In Karachi’s old town, birthplace of Pakistani founder stands hidden from public eye

Updated 48 min 5 sec ago

In Karachi’s old town, birthplace of Pakistani founder stands hidden from public eye

  • Wazir Mansion in Newnham Road has been officially recognized as Muhammad Ali Jinnah’s birthplace since 1953
  • Some scholars say the actual place of Quaid-e-Azam’s birth was 20 yards away, a building behind Wazir Mansion

KARACHI: While thousands of people flock daily to Mazar-e-Quaid, the mausoleum and final resting place of Muhammad Ali Jinnah in Karachi, and most know that he spent his last days at the Ziarat Residency in Balochistan, few can tell you with certainty where the founder of Pakistan was born.
Jinnah’s official place of birth, the three-story Wazir Mansion, is just a few kilometers away from his tomb, tucked away in a narrow street on Karachi’s Newnham Road, surrounded by shops and residential apartments.
Wazir Mansion was officially recognized in 1953 as the birthplace of Jinnah, revered as the country’s founder, who led the struggle for a separate homeland for the Muslims of the British-ruled Indian subcontinent from 1937 to Aug. 14, 1947, when Pakistan gained independence. He served as the new republic’s first governor general until his death in 1948.
“It was built during 1860-1870 with stone masonry in lime and jute mortar to suit the volatile weather of Karachi,” an information board on the house reads. “This is a precious national monument that provides inspiration to our nation.”

A handout picture, taken on January 10, 2021, shows a board placed by the Sindh government at Wazir Mansion, the residence of Pakistan's founder Muhammad Ali Jinnah, in Karachi. (Instagram/tahirhali)

While there are disputes over whether Wazir Mansion was the actual birthplace of Jinnah — some believe he was born in Jhirk, a small town in Thatta district, over 150 km away from Karachi — the building’s custodian, Muneer Hussain, said the building housed the very room “where Jinnah was born.”
Jinnah’s father, Jinnahbhai Poonja, arrived in Karachi from Mumbai to set up a business, and chose Newnham Road, then a steel trade hub, for his enterprise, Hussain said. He rented an apartment in Wazir Mansion, where Jinnah was born on Dec. 25, 1876.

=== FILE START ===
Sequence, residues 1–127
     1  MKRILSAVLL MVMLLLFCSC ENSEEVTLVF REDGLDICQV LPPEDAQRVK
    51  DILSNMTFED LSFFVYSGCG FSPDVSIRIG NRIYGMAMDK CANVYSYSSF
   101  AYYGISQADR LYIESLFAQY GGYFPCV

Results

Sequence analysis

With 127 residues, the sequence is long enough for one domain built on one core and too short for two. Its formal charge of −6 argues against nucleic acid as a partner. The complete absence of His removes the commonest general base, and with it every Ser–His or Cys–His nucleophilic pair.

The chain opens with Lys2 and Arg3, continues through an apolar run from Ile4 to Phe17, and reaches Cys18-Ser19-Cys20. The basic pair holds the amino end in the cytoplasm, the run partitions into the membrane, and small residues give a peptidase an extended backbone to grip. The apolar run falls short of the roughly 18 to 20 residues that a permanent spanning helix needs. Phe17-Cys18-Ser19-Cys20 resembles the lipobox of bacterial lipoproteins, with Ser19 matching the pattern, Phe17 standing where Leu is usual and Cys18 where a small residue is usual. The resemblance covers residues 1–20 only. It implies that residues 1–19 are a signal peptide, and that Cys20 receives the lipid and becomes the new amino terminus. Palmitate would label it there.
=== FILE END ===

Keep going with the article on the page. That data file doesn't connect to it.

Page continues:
“Seven siblings of Jinnah were also born in this building,” he told Arab News. “Fifteen hundred to two-thousand people, mostly students, visit us monthly and I want this number to be doubled because this small building has changed the map of the world.”
Dr. Kaleemullah Lashari, an archaeologist and historian, told Arab News theories claiming Jinnah’s birthplace was in another city were incorrect.
“This has been refuted by the statements of Quaid himself,” Lashari said. And then quoting a speech by Jinnah, he added: “He said that, ‘It gives me immense pleasure to stand here in front of you and tell you that I was born in Karachi’.”
However, according to Lashari, it was a building behind Wazir Mansion that was Jinnah’s true place of birth. 
“Jinnahbhai was occupying the part of property which was behind it [Wazir Mansion],” Lashari said.
“So, it’s the building which is behind it and this is the reason that the scholars don’t consider Wazir mansion [as Jinnah’s birthplace] …The Wazir Mansion, the present building which is there, was actually built after 1880, so Jinnahbhai was occupying the part of property which was behind it ... There is a difference of 20 yards.”
While the difference is small, the scholar said it mattered as much as other details of Jinnah’s legacy and life.
“It is very significant [to know where Jinnah was born] but I tell you, not only the birthplace but every aspect of his life is significant and important,” the scholar said. “And there is need that attention is paid to the studies on his life and his works.”


Indian, Pakistani siblings reunite 75 years after Partition

Updated 39 min 5 sec ago

Indian, Pakistani siblings reunite 75 years after Partition

  • The brothers finally met in January at Kartarpur corridor, a rare, visa-free crossing
  • Corridor, opened in 2019, has become a symbol of unity and reconciliation for separated families

BHATINDA, India: Tears of joy rolled down his wizened cheeks when Indian Sika Khan met his Pakistani brother for the first time since being separated by Partition in 1947.
Sikh laborer Sika was just six months old when he and his elder brother Sadiq Khan were torn apart as Britain split the subcontinent at the end of colonial rule.
This year marks the 75th anniversary of Partition, during which sectarian bloodshed killed possibly more than one million people, families like Sika’s were cleaved apart and two independent nations — Pakistan and India — were created.
Sika’s father and sister were killed in communal massacres, but Sadiq, just 10 years old, managed to flee to Pakistan.
“My mother could not bear the trauma and jumped into the river and killed herself,” Sika said at his simple brick house in Bhatinda, a district in the western Indian state of Punjab, which bore the brunt of Partition violence.
“I was left at the mercy of villagers and some relatives who brought me up.”
Ever since he was a child, Sika yearned to find out about his brother, the only surviving member of his family. But he failed to make headway until a doctor in the neighborhood offered to help three years ago.
After numerous phone calls and the assistance of Pakistani YouTuber Nasir Dhillon, Sika was able to be reunited with Sadiq.